And WW84 has a very weak script. I was shocked to see Geoff Johns's name attached so heavily to this script because I really like his comics. I always felt like Johns understood what the tone of the DC Universe should have been, but his films really seem to underwhelm. It's like he's trying to be Kevin Feige, but is mostly unsuccessful. The biggest problem is that this feels like a shallow decision when it comes to a lot of the choices. The movie is set in the 1980s, which immediately made the trailers super fun. I was jazzed to see this movie because I'm part of the demographic that loves to be nostalgic for a very ironic time in my childhood. But there's nothing that really requires this movie to be set in 1984. It's really all a response to Guardians of the Galaxy and Stranger Things.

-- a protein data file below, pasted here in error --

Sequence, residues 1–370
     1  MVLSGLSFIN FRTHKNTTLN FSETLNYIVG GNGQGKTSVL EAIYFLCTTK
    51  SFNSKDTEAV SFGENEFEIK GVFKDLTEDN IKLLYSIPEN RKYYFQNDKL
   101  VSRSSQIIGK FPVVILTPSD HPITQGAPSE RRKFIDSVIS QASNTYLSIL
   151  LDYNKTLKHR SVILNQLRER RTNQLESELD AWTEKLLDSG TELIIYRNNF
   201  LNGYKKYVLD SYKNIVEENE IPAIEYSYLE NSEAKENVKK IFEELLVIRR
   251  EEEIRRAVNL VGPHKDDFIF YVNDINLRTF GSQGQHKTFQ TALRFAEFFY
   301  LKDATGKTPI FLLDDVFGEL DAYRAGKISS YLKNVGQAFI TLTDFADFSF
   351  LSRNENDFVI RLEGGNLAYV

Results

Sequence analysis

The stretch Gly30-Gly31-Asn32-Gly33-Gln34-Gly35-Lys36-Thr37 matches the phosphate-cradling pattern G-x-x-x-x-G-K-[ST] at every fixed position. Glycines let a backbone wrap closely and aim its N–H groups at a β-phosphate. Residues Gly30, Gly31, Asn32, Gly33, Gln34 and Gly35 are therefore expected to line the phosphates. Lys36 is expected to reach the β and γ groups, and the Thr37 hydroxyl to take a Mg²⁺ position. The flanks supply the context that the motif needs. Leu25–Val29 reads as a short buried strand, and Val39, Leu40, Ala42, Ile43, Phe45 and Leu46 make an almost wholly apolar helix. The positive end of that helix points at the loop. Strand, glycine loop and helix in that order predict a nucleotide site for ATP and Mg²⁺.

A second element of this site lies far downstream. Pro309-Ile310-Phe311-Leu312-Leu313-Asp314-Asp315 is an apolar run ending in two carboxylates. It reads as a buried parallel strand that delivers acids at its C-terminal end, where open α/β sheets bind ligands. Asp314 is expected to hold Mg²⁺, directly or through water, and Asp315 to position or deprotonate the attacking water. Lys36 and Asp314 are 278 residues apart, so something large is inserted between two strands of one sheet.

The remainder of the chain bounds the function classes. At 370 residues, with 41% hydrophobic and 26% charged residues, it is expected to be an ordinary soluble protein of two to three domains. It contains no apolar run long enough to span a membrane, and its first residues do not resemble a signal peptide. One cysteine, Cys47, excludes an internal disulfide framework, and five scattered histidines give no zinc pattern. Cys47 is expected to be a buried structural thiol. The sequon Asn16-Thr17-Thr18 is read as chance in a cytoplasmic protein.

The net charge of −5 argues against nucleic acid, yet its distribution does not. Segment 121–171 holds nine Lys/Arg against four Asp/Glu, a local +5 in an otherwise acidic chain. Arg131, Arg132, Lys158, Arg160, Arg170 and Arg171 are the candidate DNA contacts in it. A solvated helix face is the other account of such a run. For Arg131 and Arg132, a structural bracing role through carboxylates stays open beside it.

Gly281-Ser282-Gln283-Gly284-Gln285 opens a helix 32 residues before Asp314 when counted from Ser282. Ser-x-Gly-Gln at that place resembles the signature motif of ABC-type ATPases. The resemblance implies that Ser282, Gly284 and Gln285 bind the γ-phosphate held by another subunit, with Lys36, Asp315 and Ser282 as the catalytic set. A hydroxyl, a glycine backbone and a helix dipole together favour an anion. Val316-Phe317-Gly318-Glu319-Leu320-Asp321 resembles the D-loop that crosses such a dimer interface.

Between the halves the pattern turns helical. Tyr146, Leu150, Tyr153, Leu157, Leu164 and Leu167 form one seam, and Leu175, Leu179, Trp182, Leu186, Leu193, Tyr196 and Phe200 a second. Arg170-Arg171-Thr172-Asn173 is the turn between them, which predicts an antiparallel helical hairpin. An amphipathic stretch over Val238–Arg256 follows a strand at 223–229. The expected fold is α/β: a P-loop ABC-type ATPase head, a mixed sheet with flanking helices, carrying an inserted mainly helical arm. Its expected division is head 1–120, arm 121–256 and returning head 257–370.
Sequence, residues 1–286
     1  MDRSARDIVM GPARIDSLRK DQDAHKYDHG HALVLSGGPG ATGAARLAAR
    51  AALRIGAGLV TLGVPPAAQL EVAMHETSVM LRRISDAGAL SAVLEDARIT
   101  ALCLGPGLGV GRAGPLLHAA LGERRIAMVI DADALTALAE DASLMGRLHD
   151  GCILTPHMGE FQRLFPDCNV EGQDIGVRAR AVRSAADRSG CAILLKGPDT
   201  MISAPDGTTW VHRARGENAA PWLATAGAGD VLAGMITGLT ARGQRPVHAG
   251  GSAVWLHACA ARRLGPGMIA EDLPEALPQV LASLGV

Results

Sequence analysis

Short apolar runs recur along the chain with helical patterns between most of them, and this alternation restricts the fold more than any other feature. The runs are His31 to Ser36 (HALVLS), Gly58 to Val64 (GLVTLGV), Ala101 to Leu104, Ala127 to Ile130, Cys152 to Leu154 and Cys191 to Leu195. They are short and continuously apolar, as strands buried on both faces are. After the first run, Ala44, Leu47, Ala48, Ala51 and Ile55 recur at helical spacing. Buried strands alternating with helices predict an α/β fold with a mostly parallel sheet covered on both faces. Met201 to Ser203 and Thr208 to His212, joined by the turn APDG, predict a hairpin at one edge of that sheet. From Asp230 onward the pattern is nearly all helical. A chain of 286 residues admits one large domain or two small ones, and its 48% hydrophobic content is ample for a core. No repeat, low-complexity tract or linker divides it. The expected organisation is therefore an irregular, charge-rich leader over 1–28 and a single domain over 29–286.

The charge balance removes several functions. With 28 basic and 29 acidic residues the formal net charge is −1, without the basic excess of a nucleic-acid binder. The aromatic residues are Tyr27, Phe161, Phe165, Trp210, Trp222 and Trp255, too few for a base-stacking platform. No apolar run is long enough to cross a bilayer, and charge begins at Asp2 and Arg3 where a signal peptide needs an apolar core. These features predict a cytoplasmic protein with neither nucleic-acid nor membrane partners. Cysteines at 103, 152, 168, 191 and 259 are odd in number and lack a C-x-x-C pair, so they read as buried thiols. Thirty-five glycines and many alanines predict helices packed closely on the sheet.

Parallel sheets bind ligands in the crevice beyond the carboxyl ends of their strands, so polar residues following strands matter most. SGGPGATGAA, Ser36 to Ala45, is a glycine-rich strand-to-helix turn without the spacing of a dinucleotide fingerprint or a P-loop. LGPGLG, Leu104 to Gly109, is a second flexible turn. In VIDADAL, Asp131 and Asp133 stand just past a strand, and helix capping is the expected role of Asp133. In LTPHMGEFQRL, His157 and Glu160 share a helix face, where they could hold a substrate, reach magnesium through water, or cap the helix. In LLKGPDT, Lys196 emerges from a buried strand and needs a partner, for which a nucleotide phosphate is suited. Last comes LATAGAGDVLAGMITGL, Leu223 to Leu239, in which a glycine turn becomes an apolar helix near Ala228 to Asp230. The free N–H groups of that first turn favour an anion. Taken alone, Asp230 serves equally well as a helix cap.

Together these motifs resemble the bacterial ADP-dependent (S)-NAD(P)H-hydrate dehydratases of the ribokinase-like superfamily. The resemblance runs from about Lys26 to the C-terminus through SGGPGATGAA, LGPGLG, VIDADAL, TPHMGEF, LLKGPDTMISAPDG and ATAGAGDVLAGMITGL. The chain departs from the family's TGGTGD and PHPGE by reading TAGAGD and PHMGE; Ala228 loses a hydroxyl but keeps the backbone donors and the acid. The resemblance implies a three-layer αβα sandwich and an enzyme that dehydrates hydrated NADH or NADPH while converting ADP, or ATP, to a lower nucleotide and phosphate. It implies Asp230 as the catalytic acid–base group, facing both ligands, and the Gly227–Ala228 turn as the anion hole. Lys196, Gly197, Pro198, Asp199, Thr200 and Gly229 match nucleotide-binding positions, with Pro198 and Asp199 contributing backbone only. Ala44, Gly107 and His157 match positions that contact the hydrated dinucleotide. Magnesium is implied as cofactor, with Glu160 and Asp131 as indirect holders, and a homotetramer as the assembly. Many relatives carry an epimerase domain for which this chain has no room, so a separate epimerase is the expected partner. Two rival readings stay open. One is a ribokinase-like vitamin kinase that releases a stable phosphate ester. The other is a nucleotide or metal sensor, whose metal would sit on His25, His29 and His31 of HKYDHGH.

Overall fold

Listen, let me play Devil's Advocate for the film's time period. The first movie was set during WWI, which was this contrast for Diana and the rest of humanity. We saw humanity at its worst and Wonder Woman accepted humanity, despite its flaws. The only thing I can see that might be appropriate about 1984 is the over-greedy Max Lord and his lust for power. But Jenkins never really makes that connection between Lord and the excesses of the '80s. Instead, he comes across as a comic villain that I never really take seriously for the majority of the film.
And the villains are almost the definition of undercooked. As much as I love the first Superman movie, I can admit that Lex Luthor is a completely vapid character with his motivations. But compared to Max Lord, Luthor seems nuanced. Really, the campy villains of the movie throws me back to Joel Schumacher's Batman Forever and Batman and Robin. Lord can be genuinely scary if crafted well. Heck, he becomes this power player in the comics and I thought that the movie was building to the famous neck-snap of the comic. But Max Lord has the dumbest motivations.